Every NJ Resident in a Car Accident Needs a Spine Surgeon Evaluation
Did you know that nearly 300,000 car accidents occur in New Jersey every year? The New Jersey State police, the New Jersey Department of Transportation, and the National Highway Traffic Safety Administration estimate that in 2013 there were 283,115 car accidents across the state. Of these, over 60,000 car accidents resulted in someone being injured.
Fortunately, most of these accidents result in only minor injuries. On the other hand, at least one person dies every day in NJ in a motor vehicle accident. For a substantial minority of those who have sustained a non-fatal NJ car accident, surgeon involvement will be required. In fact, anyone who has been in a moderate or high velocity collision should be evaluated by a spine specialist.
The effect of major motor vehicle accidents on the spine
Motor vehicle accidents account for almost half of all spine injuries.1 High velocity car accidents can have devastating consequences on the spine. In some cases, the spinal cord can be damaged, causing paralysis. Displacement or fracture of the spinal bones (vertebrae) can partially compress the spinal cord, causing focal weakness or numbness. Spinal cord contusions from a vertebral bone dislocation or fragment may injure the delicate blood vessels around the spine, leading to permanent disability.
The bottom line is that trauma to the spine caused from a car accident can cause paralysis or long-term disability if not managed effectively. If you have been in a major NJ car accident, surgeon evaluation is critical. Even if you have not noticed any immediate symptoms, you should still be evaluated by a spine specialist.
Even minor motor vehicle accidents can affect the spine
Symptoms from trauma during a car accident may not show up for hours or days after the accident. A concussion, for example, may take as many as 24 to 48 hours to cause symptoms. Whiplash is the same way. Even if you do not feel headache or neck pain immediately after a car accident, symptoms of whiplash may occur hours to days after the motor vehicle accident.2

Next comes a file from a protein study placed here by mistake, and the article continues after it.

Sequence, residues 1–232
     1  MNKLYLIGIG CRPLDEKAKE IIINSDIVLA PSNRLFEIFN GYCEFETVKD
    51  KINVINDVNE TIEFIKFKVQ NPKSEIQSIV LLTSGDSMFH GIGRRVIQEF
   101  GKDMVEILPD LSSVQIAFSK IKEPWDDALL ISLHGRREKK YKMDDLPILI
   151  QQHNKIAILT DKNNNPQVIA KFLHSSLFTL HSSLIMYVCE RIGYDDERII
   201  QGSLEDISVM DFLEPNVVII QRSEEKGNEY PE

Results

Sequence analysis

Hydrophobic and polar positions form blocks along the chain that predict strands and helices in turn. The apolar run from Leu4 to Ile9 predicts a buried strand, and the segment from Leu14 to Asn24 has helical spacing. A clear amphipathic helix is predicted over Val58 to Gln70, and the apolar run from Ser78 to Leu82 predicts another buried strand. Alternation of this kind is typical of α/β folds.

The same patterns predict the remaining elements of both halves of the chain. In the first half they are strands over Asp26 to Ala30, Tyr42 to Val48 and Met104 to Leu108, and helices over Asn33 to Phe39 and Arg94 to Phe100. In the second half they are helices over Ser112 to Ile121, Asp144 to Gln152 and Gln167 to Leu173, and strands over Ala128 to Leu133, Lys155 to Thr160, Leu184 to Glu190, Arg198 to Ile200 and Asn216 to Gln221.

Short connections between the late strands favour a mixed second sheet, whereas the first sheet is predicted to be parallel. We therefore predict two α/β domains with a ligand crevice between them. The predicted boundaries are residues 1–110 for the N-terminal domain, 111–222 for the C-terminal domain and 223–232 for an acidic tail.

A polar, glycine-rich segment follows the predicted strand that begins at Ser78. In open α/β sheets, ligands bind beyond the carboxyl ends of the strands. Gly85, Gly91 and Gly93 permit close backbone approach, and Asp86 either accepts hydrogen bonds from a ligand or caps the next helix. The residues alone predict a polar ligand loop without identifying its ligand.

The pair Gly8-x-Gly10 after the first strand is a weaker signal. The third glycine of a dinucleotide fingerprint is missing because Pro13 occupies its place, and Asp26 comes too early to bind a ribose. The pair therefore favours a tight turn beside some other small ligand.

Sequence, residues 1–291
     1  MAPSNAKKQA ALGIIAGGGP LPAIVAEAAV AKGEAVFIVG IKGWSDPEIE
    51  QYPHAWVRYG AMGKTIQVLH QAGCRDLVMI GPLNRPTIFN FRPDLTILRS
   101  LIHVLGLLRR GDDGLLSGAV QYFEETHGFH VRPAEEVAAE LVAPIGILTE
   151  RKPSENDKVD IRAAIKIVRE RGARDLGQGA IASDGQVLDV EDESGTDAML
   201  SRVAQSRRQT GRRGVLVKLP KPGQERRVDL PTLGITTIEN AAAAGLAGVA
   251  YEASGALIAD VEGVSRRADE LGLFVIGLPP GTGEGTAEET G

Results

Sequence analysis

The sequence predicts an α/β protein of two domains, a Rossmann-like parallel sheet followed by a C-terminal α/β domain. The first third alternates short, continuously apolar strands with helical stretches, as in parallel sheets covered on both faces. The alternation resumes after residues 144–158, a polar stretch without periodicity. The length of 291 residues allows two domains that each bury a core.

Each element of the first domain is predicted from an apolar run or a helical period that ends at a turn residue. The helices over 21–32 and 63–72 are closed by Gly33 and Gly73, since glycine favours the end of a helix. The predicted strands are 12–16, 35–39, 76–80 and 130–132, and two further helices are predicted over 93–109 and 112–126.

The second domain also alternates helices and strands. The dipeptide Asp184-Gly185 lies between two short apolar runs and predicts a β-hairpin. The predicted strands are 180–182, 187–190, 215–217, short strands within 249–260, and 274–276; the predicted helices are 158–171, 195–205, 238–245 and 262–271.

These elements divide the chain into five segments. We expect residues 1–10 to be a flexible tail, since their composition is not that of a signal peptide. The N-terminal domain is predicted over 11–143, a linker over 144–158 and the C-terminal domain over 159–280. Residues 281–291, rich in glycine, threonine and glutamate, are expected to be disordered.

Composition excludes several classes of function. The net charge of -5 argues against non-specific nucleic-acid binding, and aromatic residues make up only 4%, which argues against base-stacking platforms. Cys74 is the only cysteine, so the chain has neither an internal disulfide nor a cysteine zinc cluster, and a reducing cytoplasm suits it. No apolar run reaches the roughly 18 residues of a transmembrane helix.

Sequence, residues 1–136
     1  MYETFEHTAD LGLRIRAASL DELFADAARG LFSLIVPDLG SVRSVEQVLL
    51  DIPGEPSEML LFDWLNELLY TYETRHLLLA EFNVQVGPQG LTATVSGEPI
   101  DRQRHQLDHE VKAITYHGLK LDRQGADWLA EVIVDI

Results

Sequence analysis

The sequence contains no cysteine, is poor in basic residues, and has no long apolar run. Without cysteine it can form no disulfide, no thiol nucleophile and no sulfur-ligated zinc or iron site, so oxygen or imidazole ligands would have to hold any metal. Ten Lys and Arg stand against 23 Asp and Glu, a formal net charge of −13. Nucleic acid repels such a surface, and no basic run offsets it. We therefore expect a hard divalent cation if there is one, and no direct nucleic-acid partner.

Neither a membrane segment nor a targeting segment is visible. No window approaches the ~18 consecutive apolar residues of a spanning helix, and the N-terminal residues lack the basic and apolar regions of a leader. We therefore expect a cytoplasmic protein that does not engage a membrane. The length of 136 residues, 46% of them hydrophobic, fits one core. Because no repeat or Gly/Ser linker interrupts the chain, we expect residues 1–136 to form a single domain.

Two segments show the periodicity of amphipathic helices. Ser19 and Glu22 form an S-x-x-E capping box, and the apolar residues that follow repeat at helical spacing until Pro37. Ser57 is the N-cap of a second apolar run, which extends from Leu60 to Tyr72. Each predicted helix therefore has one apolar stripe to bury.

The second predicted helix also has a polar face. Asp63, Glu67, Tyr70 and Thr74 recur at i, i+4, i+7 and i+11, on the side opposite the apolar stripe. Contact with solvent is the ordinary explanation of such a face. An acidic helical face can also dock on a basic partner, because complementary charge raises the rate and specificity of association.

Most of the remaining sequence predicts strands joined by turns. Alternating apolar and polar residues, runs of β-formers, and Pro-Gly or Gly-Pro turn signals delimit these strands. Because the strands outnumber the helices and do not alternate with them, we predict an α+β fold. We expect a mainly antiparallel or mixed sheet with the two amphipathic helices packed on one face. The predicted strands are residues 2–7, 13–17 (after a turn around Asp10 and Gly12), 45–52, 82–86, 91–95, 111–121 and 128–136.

Whiplash is caused by the rapid bending of the neck, often caused by rear end or front end collisions. Sadly, half of all people who get whiplash may have neck pain symptoms for at least one year after the accident.3
If you have symptoms of whiplash such as neck pain, muscle tightness, muscle spasm, headache that is especially bad in the back of the head, or any difficulty moving your neck or turning your head, you may have whiplash syndrome. It is important to have an evaluation by a spine specialist in New Jersey or a NJ car accident doctor (i.e., a physician who is experienced in evaluating car accident injuries). Find a surgeon who is experienced and local.
People in car accidents need a “car accident spine surgeon”
Spine surgery is not always needed after an accident, but until you are evaluated by a spine specialist, you cannot know for sure. Likewise, not every doctor has the experience and qualifications to proper diagnose and treat the injuries associated with motor vehicle accidents.
Dr. Rovner, a spine specialist at Progressive Spine & Orthopedics, has been called the “NJ Car Accident Surgeon” because he evaluates and treats a substantial number of New Jerseyans who have been injured in car accidents. While only a small number of these patients eventually need spine surgery, Dr. Rovner provides a comprehensive spine evaluation and can formulate a personalized, appropriate treatment plan. More importantly, he provides peace of mind.
- Spinal Cord Injury Information Network. Understanding Spinal Cord Injury: Part 1—The Body Before and After Injury. 2008; www.spinalcord.uab.edu
- Kasch H, Bach FW, Stengaard-Pedersen K, Jensen TS. Development in pain and neurologic complaints after whiplash: a 1-year prospective study. Neurology. Mar 11 2003;60(5):743-749.
- Carroll LJ, Holm LW, Hogg-Johnson S, et al. Course and prognostic factors for neck pain in whiplash-associated disorders (WAD): results of the Bone and Joint Decade 2000-2010 Task Force on Neck Pain and Its Associated Disorders. Spine (Phila Pa 1976). Feb 15 2008;33(4 Suppl):S83-92. doi:10.1097/BRS.0b013e3181643eb8